Here's an interesting bit of analysis. There's a summary here:http://www.huffingtonpost.com/huff-wires/20070505/un-organic-food and more at the FAO site:http://www.fao.org/organicag/ofs/docs_en.htm Thanks to Aaron for pointing me to this one!
The gist of the thing is this - even allowing for a dramatic fall in yield from organic agriculture (which is by no means inevitable), poor farmers would be better off using organic techniques for two important reasons. The first is that reduction in costs would offset any loss in yields for individual farmers - that is, they might be growing less food, but they'd also be spending much less of their limited funds to grow it, and would have more money to spend on food. The second is that the soil damage and other consequences would be sufficiently less that their long term food security would be enhanced by organic agriculture.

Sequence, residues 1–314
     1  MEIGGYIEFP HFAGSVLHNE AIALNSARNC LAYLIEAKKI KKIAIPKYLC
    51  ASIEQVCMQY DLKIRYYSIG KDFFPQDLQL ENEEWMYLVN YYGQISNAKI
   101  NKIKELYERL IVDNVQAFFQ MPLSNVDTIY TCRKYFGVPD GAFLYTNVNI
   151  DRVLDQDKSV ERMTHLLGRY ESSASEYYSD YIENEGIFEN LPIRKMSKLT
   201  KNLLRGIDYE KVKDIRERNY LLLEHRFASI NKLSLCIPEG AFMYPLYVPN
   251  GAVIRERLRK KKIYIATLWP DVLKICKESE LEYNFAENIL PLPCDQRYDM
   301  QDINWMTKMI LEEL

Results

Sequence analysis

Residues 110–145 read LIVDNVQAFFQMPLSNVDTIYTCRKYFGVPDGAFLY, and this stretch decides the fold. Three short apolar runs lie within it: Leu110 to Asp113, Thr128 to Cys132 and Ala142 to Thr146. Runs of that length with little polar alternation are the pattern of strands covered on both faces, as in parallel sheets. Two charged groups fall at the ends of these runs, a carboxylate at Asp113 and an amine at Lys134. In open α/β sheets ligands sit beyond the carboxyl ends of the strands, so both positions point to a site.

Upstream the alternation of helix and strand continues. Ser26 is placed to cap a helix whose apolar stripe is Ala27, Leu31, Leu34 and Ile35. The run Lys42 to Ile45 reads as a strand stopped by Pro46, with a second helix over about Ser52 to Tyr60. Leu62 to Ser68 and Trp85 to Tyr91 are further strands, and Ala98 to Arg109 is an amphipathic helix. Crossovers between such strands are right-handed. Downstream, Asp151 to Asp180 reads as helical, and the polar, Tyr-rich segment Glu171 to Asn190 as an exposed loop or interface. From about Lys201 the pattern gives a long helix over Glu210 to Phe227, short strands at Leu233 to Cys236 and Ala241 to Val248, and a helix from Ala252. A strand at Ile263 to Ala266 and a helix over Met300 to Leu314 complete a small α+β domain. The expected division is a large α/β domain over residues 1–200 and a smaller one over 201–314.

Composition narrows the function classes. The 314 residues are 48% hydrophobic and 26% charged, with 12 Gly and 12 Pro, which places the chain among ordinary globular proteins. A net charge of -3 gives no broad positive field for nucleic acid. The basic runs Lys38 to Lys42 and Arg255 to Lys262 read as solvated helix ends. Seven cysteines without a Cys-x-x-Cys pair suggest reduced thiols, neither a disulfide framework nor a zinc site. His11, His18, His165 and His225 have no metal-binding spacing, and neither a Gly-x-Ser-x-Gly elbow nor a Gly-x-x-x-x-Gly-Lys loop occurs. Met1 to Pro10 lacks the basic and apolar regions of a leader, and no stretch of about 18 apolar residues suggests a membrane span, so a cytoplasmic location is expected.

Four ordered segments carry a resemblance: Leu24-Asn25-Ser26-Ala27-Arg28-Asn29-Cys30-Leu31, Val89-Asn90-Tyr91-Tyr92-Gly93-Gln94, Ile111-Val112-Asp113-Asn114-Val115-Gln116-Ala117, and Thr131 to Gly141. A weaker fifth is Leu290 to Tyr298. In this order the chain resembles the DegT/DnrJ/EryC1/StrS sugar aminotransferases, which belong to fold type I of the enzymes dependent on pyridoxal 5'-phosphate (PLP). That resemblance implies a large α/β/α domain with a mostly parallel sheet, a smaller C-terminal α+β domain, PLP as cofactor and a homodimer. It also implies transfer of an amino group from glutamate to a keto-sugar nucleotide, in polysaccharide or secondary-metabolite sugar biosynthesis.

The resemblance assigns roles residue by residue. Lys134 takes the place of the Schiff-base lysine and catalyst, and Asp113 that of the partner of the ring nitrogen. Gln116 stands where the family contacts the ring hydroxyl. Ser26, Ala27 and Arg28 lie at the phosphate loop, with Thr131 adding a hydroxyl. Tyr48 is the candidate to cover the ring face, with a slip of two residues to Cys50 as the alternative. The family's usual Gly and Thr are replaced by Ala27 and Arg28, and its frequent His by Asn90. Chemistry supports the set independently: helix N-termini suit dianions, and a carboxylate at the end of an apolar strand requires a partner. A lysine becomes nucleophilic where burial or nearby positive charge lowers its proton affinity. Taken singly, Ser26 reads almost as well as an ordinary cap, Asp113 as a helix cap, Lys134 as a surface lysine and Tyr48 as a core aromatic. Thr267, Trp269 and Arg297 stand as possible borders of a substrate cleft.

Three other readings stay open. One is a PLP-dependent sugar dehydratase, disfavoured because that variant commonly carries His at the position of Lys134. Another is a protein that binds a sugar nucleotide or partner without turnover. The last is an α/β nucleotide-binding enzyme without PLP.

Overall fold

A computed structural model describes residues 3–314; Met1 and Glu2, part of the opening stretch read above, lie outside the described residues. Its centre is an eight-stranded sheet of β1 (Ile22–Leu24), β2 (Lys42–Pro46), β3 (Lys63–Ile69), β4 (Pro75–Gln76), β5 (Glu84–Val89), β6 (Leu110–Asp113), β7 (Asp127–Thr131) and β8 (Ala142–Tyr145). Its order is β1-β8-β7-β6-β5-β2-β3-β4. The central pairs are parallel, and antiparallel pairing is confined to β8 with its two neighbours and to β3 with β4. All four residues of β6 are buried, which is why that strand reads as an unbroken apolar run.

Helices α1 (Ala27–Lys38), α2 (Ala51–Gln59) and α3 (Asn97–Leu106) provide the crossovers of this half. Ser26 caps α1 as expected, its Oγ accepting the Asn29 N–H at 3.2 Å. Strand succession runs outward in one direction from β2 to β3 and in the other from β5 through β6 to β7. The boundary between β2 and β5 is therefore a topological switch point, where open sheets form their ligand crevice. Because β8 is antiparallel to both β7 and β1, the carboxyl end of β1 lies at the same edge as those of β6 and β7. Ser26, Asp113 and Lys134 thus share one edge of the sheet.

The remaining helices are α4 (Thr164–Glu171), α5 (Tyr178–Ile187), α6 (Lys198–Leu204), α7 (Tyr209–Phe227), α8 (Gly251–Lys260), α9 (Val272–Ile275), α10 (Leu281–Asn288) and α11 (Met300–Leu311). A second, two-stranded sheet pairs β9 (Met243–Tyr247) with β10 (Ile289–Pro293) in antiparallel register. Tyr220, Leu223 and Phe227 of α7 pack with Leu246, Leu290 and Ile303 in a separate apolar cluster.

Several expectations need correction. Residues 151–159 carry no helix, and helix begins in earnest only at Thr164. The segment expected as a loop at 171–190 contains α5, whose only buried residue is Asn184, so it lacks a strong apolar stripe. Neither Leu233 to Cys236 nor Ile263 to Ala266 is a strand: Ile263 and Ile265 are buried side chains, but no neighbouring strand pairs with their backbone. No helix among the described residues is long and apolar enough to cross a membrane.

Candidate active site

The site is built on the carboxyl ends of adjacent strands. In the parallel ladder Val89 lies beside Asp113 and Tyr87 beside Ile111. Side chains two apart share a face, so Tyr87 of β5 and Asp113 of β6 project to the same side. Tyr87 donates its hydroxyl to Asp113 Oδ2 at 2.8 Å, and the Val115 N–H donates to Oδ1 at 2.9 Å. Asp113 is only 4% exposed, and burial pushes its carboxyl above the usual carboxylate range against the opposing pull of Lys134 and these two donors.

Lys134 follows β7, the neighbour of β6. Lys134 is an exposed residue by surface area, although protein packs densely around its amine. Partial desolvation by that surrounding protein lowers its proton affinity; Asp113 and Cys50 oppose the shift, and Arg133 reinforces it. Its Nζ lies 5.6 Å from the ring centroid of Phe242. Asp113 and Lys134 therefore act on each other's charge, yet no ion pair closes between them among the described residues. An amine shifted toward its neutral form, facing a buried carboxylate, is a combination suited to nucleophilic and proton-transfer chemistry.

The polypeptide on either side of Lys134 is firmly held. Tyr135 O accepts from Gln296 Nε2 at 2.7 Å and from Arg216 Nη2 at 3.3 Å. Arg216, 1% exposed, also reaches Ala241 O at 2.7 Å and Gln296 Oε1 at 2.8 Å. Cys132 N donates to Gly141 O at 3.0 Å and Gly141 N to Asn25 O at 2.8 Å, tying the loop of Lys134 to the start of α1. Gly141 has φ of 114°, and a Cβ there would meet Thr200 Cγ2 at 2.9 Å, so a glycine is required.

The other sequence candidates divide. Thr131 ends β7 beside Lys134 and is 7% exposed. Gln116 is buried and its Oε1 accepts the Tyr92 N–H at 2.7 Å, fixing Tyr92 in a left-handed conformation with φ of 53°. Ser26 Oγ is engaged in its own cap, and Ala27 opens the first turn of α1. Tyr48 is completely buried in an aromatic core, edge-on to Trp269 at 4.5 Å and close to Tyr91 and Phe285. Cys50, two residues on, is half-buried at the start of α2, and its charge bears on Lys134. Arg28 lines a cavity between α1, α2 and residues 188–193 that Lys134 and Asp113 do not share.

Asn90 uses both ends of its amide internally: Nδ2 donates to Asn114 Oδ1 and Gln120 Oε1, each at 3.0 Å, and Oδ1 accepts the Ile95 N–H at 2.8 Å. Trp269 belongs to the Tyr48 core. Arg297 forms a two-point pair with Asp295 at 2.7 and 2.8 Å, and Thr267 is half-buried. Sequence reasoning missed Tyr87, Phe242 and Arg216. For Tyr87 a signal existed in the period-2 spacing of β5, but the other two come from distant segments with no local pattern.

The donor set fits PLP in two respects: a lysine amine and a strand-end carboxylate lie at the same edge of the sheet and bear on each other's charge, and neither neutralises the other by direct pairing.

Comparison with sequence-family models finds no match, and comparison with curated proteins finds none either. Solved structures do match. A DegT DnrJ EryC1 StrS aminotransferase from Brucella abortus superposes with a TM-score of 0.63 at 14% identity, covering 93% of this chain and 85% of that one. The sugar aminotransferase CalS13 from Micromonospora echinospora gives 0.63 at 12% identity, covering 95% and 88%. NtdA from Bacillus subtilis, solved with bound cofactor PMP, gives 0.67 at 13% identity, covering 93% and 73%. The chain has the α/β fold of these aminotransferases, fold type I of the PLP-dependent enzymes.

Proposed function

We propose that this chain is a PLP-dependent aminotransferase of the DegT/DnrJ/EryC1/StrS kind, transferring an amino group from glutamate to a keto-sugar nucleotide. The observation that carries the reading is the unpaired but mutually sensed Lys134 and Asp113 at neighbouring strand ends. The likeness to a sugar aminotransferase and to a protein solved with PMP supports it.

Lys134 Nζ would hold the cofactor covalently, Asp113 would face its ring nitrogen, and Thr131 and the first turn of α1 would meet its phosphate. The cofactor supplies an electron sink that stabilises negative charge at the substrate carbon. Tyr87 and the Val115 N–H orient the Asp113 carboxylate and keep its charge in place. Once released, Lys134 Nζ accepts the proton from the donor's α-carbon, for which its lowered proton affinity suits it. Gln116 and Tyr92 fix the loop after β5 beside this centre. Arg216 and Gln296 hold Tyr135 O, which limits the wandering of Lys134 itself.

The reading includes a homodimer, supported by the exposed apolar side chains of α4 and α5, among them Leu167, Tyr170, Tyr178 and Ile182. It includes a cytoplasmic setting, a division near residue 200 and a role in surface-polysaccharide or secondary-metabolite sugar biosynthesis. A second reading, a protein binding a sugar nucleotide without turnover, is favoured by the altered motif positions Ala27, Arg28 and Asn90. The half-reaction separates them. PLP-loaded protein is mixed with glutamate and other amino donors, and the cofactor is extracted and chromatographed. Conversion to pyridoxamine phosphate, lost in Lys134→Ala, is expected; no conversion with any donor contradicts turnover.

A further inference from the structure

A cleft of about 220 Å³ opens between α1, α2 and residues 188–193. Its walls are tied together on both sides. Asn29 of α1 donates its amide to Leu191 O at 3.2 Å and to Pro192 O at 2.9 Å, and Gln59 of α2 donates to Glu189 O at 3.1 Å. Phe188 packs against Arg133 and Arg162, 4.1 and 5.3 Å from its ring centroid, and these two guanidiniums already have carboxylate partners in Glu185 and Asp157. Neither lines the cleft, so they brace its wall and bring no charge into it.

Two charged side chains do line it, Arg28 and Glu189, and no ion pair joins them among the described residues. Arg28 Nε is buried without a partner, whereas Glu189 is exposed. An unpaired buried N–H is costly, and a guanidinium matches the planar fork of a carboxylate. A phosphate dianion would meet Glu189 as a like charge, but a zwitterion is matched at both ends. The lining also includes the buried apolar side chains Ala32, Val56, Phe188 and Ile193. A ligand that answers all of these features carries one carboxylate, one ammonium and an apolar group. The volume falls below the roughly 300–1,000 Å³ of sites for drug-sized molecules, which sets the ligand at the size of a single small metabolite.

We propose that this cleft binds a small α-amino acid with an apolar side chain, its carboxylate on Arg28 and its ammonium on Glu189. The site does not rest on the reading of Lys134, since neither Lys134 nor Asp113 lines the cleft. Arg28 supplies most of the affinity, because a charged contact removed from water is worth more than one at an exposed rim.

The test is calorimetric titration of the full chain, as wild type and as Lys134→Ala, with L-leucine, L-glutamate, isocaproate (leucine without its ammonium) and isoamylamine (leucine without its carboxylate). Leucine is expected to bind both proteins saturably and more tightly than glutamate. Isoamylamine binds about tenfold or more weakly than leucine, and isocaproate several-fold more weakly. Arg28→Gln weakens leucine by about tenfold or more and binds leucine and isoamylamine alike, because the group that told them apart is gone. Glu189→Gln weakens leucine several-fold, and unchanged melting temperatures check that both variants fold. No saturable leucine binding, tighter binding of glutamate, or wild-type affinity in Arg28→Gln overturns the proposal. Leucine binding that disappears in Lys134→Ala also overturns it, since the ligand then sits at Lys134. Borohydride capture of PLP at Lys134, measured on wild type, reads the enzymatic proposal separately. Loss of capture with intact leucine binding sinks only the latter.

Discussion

Now there are some problems with these models - one of them is the assumption that in a world with vastly more organic agriculture, that organics would still command higher than average prices. But it is worth noting that the UMichigan study suggests we can feed the whole world without Monsanto, ADM and Cargill.